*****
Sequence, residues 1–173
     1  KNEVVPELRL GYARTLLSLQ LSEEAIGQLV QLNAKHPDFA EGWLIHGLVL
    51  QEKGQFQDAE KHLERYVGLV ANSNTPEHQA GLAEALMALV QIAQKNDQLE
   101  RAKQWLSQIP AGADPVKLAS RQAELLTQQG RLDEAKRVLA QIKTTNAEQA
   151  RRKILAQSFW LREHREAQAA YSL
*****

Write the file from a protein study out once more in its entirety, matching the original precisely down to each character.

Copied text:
Sequence, residues 1–173
     1  KNEVVPELRL GYARTLLSLQ LSEEAIGQLV QLNAKHPDFA EGWLIHGLVL
    51  QEKGQFQDAE KHLERYVGLV ANSNTPEHQA GLAEALMALV QIAQKNDQLE
   101  RAKQWLSQIP AGADPVKLAS RQAELLTQQG RLDEAKRVLA QIKTTNAEQA
   151  RRKILAQSFW LREHREAQAA YSL